Skip to main content

Managers Are the Most Likely To Go On Vacation

Ah, that was...fun?

The family and I took a short vacation that wasn't a short staycation. Yes, we actually went somewhere this time in a quest to show our children that there's a lot more Virginia past the Ikea at Potomac Mills. You locals know what I mean. Anyway, they had a blast touring Bob McDonnell territory, which does very well on election night until Northern Virginia bothers to show up. It was an on-the-cheap, you-can-do-this-or-that-but-not-both economy vacation for sure, but the kids had a blast, which is what counts.

But now their exhausted parents need a post-vacation vacation to recover from the actual vacation because traveling with young children isn't really much of a vacation. You parents know what I mean. And I find blogging to be very relaxing, so let's get back to our regularly-scheduled bloggramming.

Let's talk about employee vacation trends! Man, did I see a lot of people "on vacation" but obliviously working on their iPads while their kids were in the pool yelling, "look at me, look at me!" It's right on trend with a recent TeamViewer/Harris Interactive survey that says 52% of U.S. workers will be working on vacation this summer. Or were the vacationeers around me scrolling through Chapter 7 of 50 Shades Of Gray? Who knows, but I did see a lot of perimenopausal women reading it unabashedly in paperback by the pool.

Of course, they're the ones who dared the get away from it all, because CareerBuilder tells us that only 65% of U.S. employees will take a vacation this year, a 15% drop since the comparatively heady workdays of 2007. Many employees are afraid of losing their jobs, but roughly one-fifth (19%) told CareerBuilder that they can't afford to go on vacation anymore. It's simply gotten too expensive. They'll just watch the endless loop of Sandals commercials, thank you very much. Time of my life, indeed -- especially if you work for Research In Motion.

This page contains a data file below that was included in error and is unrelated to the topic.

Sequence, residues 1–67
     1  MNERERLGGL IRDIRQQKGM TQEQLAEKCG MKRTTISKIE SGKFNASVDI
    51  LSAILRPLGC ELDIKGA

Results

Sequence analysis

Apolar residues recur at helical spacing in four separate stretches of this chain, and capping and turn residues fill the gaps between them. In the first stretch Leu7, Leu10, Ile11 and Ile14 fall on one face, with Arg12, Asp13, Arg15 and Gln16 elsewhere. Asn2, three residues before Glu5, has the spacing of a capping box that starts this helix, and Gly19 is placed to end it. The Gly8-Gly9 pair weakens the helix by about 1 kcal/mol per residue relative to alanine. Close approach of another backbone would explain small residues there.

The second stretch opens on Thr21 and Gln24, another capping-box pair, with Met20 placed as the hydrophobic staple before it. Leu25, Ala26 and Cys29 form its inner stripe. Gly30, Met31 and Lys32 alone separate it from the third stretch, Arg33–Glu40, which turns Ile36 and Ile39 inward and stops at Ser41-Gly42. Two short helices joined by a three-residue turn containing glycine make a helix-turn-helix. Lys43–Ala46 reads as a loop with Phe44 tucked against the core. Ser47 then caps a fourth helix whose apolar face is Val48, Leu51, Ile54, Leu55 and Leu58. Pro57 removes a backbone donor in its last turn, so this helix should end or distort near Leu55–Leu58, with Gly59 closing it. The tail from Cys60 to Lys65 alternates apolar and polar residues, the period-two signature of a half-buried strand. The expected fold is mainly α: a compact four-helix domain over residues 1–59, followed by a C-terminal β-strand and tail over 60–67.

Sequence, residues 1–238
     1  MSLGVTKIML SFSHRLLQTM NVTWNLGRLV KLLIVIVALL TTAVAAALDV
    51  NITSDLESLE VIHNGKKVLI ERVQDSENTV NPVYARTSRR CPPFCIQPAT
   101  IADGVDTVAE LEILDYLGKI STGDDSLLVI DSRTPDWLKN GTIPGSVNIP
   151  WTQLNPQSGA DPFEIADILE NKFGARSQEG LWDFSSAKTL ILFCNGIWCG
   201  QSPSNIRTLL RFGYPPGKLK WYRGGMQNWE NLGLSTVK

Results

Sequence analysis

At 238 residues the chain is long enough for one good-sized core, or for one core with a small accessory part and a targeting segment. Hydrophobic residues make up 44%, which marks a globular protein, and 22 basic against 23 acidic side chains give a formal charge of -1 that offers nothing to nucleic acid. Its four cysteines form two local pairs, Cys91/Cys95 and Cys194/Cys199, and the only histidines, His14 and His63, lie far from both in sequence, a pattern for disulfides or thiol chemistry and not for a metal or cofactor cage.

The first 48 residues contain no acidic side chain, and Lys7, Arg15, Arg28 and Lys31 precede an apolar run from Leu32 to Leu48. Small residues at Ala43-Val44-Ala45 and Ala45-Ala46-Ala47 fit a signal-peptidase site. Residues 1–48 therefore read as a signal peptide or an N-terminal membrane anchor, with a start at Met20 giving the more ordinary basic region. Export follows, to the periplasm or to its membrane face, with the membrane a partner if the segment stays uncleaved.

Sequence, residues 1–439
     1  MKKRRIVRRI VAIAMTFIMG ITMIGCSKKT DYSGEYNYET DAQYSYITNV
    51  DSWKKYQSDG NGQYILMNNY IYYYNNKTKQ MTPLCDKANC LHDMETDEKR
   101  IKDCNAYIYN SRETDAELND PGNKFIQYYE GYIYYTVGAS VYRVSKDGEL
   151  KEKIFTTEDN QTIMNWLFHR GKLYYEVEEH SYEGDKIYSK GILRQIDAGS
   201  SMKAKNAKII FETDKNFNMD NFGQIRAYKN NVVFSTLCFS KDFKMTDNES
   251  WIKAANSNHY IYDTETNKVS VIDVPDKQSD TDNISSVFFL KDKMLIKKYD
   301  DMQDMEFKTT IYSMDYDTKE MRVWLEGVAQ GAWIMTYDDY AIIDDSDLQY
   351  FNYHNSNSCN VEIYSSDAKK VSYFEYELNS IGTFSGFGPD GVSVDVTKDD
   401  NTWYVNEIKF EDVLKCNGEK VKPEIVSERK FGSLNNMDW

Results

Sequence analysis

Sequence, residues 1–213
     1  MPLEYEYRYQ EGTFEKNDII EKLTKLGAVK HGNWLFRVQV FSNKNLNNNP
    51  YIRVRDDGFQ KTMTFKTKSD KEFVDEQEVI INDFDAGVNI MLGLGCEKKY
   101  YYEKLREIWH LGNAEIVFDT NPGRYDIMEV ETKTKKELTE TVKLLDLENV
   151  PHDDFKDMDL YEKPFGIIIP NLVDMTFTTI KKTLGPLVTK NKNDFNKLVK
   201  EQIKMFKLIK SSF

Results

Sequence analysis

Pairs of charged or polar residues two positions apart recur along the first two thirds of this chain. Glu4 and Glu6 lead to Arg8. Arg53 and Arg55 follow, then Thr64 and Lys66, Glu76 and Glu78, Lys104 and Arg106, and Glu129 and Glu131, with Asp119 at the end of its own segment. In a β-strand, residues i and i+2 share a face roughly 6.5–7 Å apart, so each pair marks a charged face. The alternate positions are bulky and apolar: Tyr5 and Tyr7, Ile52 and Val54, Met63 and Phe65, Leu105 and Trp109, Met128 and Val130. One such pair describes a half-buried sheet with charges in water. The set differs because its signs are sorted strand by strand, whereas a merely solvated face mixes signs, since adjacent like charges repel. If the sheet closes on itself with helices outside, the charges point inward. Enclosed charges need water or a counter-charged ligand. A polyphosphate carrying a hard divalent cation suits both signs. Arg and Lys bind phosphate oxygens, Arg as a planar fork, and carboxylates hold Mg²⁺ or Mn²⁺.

So who is going on vacation right now? The boss. That's right, people: the boss is the most likely employee to go on vacation this summer.

My advice to managers? Keep your vacations relatively short and never, ever brag about them unless you want employee morale to sink to Motel 6 levels. Seriously, your vacation-less employees who are trying to take a totally impossible vacation at the office don't want to be slaving away while receiving multiple emails a day from your optics-challenged self that read something like this:

Sure enjoying the sights around St. Johns -- such great restaurants, gorgeous weather, and the beaches are so beautiful this time of year! Not sure we can see everything this place has to offer in a ten-day time frame! Sitting here on the beach reminds me of our vacation here last Christmas, only better! P.S.: Is that report done yet? I'm going to need a draft by 4 p.m. today. Thx.

Grrr. Just, no. Don't go there in this economy, because all you're doing is rubbing it in, sort of like Mitt Romney steering one of his expensive power boats past one of his many vacation homes. It's the grown-up version of "look at me, look at me!" only without the handstand in the pool.